If you want to figure out what type of mindset you have, here’s a quick online quiz that will tell you.

One of the suggestions that Dweck has is to not put yourself down if you don’t live up to your expectations. She says change is hard and the old fixed mindset persona will raise her head from time to time. Bring her along for the ride, is one of her suggestions.

Like I said, I’m currently deciding on a name for my less than perfect persona who is a perfectionist and triggers self-doubt. One name that pops into my head is Gladys Kravitz from Bewitched. She’s the nosy neighbor who’s always seen peeking through curtains or windows to see what Samantha and Darrin are up to.

IMG_0951

Learning to dive off the blocks and entering a swim meet was a huge growth mindset moment for me.

What would you name your fixed mindset persona?

Sharing daily inspiration with your kids

13458580_10210124717898252_3301505966351515302_o

Back in the day: summer vacation in Laguna Beach.

One year ago, Thanksgiving week, my college roommate and family came to our house for Thanksgiving dinner. My girlfriend stayed with us a few days past Thanksgiving and I learned how she and her two brothers and mom share a little inspiration daily. My kids and I started this practice and we’ve kept it up for a year so far–at least weekly. It’s brought a smile to my face all year long. Read more how you can share inspiration with your family thanks to the miracle of today’s technology:

When my college roommate was visiting after Thanksgiving, I would hear her phone ping every morning with texts.

Her mom, who is in her 80s, lives alone and asks that my college roommate and her two brothers make some contact via text every morning. That way, they know that she’s okay.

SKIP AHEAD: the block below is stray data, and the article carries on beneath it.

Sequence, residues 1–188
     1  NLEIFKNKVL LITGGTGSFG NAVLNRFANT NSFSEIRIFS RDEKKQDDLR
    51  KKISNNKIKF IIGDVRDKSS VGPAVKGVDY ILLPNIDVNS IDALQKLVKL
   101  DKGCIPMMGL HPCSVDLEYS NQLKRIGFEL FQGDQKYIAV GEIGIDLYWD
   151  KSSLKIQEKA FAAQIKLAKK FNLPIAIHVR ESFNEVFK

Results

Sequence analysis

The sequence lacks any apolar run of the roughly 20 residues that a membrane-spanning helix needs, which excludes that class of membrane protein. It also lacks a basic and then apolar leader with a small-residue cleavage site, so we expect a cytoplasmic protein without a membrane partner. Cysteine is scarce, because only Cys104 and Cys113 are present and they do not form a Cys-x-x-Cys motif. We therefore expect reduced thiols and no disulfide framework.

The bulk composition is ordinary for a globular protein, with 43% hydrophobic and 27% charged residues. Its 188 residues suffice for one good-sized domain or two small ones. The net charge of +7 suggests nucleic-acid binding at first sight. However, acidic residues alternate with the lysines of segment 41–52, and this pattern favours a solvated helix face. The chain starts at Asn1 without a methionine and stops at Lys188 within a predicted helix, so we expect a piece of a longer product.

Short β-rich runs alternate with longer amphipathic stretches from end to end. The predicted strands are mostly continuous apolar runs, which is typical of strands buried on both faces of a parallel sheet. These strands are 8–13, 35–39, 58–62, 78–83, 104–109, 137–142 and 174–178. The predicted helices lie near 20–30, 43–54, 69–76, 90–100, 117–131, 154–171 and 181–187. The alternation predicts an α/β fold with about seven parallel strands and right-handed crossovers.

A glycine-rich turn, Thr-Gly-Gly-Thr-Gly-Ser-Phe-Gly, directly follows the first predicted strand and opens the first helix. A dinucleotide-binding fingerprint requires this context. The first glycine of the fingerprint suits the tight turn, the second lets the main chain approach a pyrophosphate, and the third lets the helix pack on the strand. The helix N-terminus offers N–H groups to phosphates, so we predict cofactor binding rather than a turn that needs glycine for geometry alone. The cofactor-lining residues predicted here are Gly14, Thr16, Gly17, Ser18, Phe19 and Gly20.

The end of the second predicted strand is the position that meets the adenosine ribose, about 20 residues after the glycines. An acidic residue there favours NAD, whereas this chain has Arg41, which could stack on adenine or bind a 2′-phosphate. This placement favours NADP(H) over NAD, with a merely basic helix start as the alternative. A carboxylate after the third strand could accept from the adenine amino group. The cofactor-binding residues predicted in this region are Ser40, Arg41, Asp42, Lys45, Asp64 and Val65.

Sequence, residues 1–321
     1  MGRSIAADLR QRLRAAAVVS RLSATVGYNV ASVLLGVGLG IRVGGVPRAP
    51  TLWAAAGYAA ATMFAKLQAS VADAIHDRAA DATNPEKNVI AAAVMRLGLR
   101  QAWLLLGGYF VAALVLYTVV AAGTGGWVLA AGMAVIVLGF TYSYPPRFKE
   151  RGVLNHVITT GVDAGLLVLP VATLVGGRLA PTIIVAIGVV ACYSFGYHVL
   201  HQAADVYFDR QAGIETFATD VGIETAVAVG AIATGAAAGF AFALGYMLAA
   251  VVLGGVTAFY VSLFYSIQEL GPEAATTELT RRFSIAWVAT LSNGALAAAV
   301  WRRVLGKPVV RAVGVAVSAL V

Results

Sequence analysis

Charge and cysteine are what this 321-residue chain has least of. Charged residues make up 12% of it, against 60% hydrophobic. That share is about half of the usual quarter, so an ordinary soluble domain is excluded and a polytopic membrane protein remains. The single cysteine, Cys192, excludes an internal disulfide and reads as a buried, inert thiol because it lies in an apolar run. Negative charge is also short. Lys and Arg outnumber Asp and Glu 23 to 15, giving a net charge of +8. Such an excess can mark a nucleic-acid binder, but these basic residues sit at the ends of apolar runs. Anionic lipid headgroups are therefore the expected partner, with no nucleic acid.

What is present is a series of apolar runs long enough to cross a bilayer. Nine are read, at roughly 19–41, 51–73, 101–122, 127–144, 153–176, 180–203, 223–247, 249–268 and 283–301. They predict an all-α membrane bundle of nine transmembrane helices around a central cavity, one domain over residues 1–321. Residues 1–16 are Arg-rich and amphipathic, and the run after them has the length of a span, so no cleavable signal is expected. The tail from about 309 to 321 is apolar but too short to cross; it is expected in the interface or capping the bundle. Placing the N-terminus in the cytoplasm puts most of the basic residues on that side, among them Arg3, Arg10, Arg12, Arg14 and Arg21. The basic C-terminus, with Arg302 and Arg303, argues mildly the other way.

I’d hear the familiar ping of my friend’s phone. She’d say, “That’s from mom. Listen to what she has to say today….”

Then she’d read an inspirational quote that her mom sent. Her brothers would chime in and my friend would respond as well.

I thought, what a great idea. I’m a terrible worrier, and if I don’t hear from my kids for a few days or weeks, I get more worried. With one child in the Bay area and the other in Utah, I feel like they’re both too far away. I sent my kids a group text and explained how it would work. We would send an inspiring note to each other by noon each day. It only takes a moment, we’d check in and pass along some inspiration. Also, I’d know that they were okay.

“Put your heart, mind and soul into even your smallest acts. This is the secret of success.” —Swami Sivananda

That was my first text. I told them, “Now you guys need to respond by noon with a quote or a ok thanks,” I texted.

“Would that be ‘an’ okay, thanks. Not a,” my daughter texted back.

She then responded with a meme with the following words:

“What are a few things that have inspired you lately?

To be better than everyone. Cause I hate everyone.”

I take it she wasn’t enjoying my inspirational quote thing so much.

My son responded with “I don’t like inspirational quotes, so here is a good painting.”

A Vase of Roses–Van Gogh, 1890

img_2757

The next day, I sent a quote and my daughter responded with “Eew that’s so and so’s bio on Twitter. New quote please.”

I sent “Winners never quit. Quitters never win.” It was a quote we had on the back of our swim club’s shirts a few years ago.